Intimate and ornate, rococo design has long been associated with feminine taste. Madame de Pompadour, the official mistress of Louis XV, was one of the supreme patrons of the rococo style. In 1990 artist Cindy Sherman pictured herself as Madame de Pompadour, emblazoning her image on a porcelain tureen commissioned by Artes Magnus. The curvaceous female form is a recurring image across the history of rococo-inspired art and ornament, from the glowing maidens seen in paintings by François Boucher to the sensuous muses that grace the Art Nouveau posters of Alphonse Mucha.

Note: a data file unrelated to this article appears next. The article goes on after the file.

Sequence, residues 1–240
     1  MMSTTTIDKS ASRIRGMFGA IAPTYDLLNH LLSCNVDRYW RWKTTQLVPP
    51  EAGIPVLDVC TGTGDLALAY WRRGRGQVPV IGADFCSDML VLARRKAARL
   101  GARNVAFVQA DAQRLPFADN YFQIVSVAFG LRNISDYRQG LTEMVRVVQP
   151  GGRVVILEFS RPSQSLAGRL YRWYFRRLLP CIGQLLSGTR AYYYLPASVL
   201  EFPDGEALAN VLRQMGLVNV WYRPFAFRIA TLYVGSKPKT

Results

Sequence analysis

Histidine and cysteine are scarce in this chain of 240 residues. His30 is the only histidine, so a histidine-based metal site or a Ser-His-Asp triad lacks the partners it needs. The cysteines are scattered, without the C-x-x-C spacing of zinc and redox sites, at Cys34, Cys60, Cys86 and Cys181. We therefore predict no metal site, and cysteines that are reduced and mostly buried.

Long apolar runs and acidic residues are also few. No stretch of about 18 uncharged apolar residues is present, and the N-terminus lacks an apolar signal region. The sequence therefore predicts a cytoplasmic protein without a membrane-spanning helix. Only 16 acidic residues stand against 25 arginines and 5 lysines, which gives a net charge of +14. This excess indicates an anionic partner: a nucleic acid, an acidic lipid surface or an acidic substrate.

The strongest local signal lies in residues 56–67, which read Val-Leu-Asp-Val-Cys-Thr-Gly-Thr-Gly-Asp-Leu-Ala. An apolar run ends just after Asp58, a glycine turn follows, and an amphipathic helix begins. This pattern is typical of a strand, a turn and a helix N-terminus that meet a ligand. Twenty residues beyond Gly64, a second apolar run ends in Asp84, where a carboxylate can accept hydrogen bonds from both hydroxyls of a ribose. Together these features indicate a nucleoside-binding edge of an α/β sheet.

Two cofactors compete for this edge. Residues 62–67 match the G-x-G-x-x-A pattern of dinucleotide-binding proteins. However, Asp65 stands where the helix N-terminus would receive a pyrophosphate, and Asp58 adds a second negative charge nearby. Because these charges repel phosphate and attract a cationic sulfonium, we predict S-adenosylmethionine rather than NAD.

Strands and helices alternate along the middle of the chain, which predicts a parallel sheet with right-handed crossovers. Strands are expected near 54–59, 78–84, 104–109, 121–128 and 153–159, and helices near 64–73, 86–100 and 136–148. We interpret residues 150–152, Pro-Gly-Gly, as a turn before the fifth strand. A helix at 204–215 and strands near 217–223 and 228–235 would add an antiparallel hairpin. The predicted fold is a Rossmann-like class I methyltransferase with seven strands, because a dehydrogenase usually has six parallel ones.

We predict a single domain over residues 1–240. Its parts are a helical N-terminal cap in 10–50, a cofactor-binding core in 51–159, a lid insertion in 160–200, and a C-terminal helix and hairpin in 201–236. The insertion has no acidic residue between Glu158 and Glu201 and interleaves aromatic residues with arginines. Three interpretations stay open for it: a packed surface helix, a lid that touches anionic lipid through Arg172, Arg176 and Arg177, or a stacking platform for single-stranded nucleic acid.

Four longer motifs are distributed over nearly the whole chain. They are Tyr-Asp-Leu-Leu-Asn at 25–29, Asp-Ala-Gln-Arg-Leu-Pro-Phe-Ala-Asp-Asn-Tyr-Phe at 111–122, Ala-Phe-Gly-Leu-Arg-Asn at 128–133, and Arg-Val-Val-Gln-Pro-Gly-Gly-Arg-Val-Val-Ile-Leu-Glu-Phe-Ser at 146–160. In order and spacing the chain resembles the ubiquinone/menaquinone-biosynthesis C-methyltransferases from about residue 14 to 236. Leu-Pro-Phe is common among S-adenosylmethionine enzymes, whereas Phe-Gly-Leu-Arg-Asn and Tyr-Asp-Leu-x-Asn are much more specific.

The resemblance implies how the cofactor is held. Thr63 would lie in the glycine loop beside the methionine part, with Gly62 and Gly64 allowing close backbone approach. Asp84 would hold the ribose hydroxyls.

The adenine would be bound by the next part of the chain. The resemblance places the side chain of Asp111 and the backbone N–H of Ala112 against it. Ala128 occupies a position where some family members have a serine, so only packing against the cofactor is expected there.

Before the twentieth century, women had little opportunity to actively create works of design and decorative art outside the areas of domestic handicraft. Today, women have taken a place among the world’s most innovative and influential designers. Cooper-Hewitt’s exhibition Rococo: The Continuing Curve, 1730—2008 includes work by over a dozen women who, as creators and co-creators, have participated in an ongoing rebellion against the static, the formal, and the classical in favor of the sensual, organic, and sinuous.